Published legislation and draft legislation - Spain

Personal data protection and digital rights

Organic Law on Personal Data Protection and Guarantees over Digital Rights

The ic Law on Personal Data Protection and Guarantees over Digital Rights was published in the Spanish Parliament's Official Gazette on 6 December and is almost identical to the draft bill discussed in Progreso 12. However, it has added a full section on digitaOrganl rights, beginning with the acknowledgment that rights and freedoms are entirely applicable to the world wide web, as is the right to online security.

The main areas covered in the new section are as follows:

Right to digital education and protection of minors online

The law reinforces the obligations incumbent on the educational system to ensure that students and teaching staff receive training about the safe and appropriate use of the internet, which must form part of the syllabus*.

Safeguarding the protection of minors, the law urges parents and legal guardians of minors to make sure that youngsters use digital devices and information society services in a sensible and responsible manner. Furthermore, to protect their online data, it recognizes that minors' interests should prevail and their basic rights in any publication or dissemination of their personal data through information society services by educational centers and by any other natural or legal person carrying out activities involving minors.

Digital rights

One of the most significant features of the law is the right to be forgotten in internet searches. This recognizes a person's right to have internet search engines erase all links containing information about that person from the list of results obtained after a search using their name, when the information is inappropriate, imprecise, irrelevant, excessive or out of date. It also regulates the specific scenario of the right to be forgotten on social media and equivalent services, recognizing a person's right for information about them to be erased when the title owner so requests.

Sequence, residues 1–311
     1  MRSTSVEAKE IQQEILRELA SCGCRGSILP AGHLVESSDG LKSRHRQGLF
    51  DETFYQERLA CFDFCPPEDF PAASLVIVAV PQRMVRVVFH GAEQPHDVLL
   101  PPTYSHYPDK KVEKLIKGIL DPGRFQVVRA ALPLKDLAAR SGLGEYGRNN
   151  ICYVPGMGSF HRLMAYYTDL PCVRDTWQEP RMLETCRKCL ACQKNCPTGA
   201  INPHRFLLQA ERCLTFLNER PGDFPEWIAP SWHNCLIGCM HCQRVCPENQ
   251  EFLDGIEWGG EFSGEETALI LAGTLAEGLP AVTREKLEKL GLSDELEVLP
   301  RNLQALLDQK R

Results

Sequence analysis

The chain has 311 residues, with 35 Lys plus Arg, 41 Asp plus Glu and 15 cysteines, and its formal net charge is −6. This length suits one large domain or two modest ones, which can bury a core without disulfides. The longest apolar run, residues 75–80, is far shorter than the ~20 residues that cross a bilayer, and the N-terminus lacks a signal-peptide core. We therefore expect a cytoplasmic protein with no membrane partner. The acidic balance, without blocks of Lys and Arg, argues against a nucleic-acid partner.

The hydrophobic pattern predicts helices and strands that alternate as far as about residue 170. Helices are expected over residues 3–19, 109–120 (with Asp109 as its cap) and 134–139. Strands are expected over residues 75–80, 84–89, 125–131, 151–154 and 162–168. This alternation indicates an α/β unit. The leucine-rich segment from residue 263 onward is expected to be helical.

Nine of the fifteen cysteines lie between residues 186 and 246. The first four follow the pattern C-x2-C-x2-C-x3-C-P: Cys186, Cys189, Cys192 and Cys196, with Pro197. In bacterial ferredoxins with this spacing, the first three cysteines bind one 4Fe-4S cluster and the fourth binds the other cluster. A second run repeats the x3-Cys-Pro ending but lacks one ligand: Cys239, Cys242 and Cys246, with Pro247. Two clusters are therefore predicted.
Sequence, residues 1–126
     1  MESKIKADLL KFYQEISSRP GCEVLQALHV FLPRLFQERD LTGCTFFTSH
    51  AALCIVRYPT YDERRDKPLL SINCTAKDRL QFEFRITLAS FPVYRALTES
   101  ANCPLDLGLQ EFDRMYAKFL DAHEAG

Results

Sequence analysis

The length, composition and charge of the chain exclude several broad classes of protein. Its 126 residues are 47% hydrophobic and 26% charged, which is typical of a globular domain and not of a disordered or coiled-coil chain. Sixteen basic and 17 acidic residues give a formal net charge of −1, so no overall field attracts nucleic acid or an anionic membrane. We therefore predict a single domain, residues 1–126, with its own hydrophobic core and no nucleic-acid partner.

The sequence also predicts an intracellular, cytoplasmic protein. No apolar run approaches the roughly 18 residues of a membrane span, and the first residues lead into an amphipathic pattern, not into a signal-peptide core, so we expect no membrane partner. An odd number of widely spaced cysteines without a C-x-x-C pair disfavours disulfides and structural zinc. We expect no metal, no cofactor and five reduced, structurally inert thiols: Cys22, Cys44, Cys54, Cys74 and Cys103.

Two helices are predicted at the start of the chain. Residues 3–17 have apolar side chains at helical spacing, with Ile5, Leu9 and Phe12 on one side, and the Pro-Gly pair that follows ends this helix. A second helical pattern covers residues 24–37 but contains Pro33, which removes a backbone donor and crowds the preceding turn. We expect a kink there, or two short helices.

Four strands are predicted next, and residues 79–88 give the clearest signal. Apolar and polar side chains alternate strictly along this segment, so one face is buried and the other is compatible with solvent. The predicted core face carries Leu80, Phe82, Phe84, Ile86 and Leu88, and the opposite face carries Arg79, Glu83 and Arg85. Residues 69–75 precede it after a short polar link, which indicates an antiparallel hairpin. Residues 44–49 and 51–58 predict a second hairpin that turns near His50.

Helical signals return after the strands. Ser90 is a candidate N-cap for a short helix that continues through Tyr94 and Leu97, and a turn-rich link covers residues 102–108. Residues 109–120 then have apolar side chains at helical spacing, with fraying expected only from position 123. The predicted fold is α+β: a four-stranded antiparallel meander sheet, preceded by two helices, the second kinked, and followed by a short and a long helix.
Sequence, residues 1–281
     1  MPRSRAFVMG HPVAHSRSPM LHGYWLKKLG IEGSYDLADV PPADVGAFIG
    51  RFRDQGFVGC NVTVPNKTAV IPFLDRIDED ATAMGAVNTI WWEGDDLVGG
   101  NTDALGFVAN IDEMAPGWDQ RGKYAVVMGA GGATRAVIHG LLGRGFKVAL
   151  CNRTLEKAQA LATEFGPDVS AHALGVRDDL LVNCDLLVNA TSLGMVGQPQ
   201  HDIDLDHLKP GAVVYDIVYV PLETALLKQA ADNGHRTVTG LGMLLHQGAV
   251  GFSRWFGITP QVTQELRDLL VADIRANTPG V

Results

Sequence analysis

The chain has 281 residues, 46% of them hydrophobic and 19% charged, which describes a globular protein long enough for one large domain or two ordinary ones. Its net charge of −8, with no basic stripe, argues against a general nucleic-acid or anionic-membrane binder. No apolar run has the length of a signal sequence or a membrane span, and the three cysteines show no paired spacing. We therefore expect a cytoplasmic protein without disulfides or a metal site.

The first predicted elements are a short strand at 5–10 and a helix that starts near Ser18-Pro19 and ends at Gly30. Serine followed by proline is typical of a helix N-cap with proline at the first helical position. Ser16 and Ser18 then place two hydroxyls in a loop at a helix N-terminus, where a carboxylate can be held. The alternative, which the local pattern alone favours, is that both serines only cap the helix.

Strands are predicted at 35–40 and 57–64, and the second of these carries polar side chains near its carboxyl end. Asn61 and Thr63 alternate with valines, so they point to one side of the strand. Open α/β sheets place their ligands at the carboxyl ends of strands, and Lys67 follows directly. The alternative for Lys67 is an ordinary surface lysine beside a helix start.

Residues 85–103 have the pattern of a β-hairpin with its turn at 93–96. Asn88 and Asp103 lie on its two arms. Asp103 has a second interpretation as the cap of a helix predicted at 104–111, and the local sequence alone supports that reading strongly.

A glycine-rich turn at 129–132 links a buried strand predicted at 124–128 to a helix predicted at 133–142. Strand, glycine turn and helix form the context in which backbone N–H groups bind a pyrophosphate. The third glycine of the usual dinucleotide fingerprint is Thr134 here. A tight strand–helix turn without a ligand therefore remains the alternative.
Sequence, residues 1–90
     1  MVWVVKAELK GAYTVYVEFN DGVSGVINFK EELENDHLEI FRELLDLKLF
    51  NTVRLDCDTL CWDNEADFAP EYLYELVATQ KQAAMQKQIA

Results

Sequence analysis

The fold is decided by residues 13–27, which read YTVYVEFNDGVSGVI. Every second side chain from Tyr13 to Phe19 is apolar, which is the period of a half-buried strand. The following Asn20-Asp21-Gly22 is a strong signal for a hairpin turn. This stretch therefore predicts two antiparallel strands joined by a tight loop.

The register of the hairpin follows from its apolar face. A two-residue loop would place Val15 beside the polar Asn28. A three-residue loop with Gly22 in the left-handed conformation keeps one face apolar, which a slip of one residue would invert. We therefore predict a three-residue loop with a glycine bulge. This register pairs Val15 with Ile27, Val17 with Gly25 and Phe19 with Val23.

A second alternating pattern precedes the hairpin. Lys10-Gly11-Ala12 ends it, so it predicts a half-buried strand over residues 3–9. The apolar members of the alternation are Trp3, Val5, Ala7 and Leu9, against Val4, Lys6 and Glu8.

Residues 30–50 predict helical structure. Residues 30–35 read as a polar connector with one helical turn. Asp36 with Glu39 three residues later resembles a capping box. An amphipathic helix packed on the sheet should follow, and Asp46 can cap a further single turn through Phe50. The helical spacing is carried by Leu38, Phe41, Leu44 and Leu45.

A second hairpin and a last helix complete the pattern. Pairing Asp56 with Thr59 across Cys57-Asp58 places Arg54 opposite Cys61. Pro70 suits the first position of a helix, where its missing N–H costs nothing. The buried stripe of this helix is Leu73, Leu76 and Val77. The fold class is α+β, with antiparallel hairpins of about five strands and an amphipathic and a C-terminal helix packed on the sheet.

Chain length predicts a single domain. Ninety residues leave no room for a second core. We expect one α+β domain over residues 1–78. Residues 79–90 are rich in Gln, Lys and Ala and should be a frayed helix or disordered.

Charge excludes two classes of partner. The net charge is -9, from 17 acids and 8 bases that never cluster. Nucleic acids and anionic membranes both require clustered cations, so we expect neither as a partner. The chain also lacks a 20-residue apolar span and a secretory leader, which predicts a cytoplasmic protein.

The right of data portability, already recognized in the draft text, is reinforced in the new section, recognizing that users of social network services and equivalent services are entitled to receive and transfer the contents they may have made available to the providers of these services.

A new feature is the regulation of the right to an online will. For these purposes, the right of access, rectification and cancelation of the contents handled by information society service providers about people who have died is recognized. This right may be exercised by those who had a relationship with the people who have died, whether this is a family link or a de facto one, and by their heirs, except when the dead party has explicitly forbidden this, or where a contradictory law exists.

Digital rights in the workplace

The law provides for a series of online rights that can be applied to the workplace and extended by collective bargaining:

  • The right to disconnect: the free time of workers and state-sector employees as well as their private and family space must be respected outside their legal working hours.
  • The right to privacy from the use of video surveillance and audio recording equipment in the workplace: allowing company owners to process images obtained from camera systems that monitor their workers, only when this is stipulated in the labor legislation and workers have been expressly informed beforehand of this measure. The law forbids the installation of audio or video surveillance systems in places used for resting or relaxation, such as dressing rooms, bathrooms, dining-rooms and similar.
  • The right to privacy from geo-location systems in the workplace: as with the previous right, this allows company owners to process data obtained from geo-location systems for monitoring purposes, only when this measure has been expressly communicated beforehand.

Other new features

The legislation contains several other new features. Thus, in the case of credit information systems or debtors' lists, it cuts from 6 to 5 years the maximum period for which debts can be listed and stipulates that only defaults of EUR 50 or over can be included in the list, unlike the previous regulation, which did not specify a minimum sum.

It also requires the processing officer to block data when these must be rectified or erased. Blocking consists of identifying and segregating the data, using technical and organizational means to prevent them from being processed, or even viewed.

* The Government should submit a Bill to guarantee these specific rights within a year from the law coming into force and educational institutions will have the same time to include this training in their syllabuses.